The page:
The future isn’t nearly as fun as the present—especially the future that needs provisions. So why choose to spend time there?
And yet, here you are reading this article and considering an unpleasant future.
I see three reasons why we would take time out of our pleasant present to spend preparing for a future that may be less pleasant:
- Providing for emergencies makes us feel in control
- Providing for emergencies gives us something to be proud of
- Providing for emergencies is fun
The fascinating thing about all these reasons is that they aren’t about the future; they are about how we feel right now.
Providing Gives the Feeling of Control—Now
“I look to the future because that is where I’m going to spend the rest of my life.” — George Burns
Right now, in this moment, we have control; we can decide what to do, what to think about, how to feel. But when we think about the future, that sense of control slips away. This disconnect between a certain present and an uncertain future causes discomfort. By working now, we take control of the future and relieve the discomfort we feel in the present.
Providing Gives the Feeling of Pride—Now
“By failing to prepare, you are preparing to fail.” — Benjamin Franklin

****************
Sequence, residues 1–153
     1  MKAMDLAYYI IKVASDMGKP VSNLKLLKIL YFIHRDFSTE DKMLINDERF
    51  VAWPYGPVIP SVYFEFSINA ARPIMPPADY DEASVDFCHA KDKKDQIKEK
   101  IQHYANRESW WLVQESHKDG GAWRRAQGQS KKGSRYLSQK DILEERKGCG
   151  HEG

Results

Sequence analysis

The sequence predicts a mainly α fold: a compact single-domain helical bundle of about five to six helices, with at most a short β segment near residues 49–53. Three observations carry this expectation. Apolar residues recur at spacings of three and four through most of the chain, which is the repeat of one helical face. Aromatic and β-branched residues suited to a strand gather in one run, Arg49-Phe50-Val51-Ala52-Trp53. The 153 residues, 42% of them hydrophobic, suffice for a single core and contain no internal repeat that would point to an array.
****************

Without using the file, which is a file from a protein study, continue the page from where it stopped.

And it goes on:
We know that we need to provide for the future. We’ve been hearing it from philosophers, government officials, grandmas, and church leaders our entire lives. Once we start doing the things we know we should be doing, we immediately and naturally begin to feel pride in our work.
It isn’t necessarily that we are proud that we are doing something better than others (although that is often a factor), it’s that we are taking action. This boosts our self-esteem and makes us feel empowered.
Providing is Fun—Now
“Life is a game. Play it.” — Mother Teresa
Because emergency preparation focuses on the worst case providing, for emergencies tends to turn into an endless contemplation of doom and gloom. That is no fun; now or in the future. But you know what is fun? A game.
Around the Peterson house, we can sit down around a game board and settle Catan or build railroads for hours. I know people who actually study chess or compete about their exercise routines. Why? Because gamification makes things fun.
Is providing for an uncertain future really that much different than playing a hand of Uno? (What if Shanna plays a wild card and changes to green?) Sure the stakes are higher in disaster preparation, but forget about the stakes and just look at it as a game. (What happens if Mother Nature plays a heavy ice storm this winter?)
Acting in the Present
“Today is a gift. That’s why it is called the present.” — Alice Morse Earle
Right now you are taking time to think about providing for the future. This isn’t a punishing task or something you have to do even though it’s painful. It isn’t even exclusively for future benefit. With the right mindset, providing for the future brings real benefit to this very moment.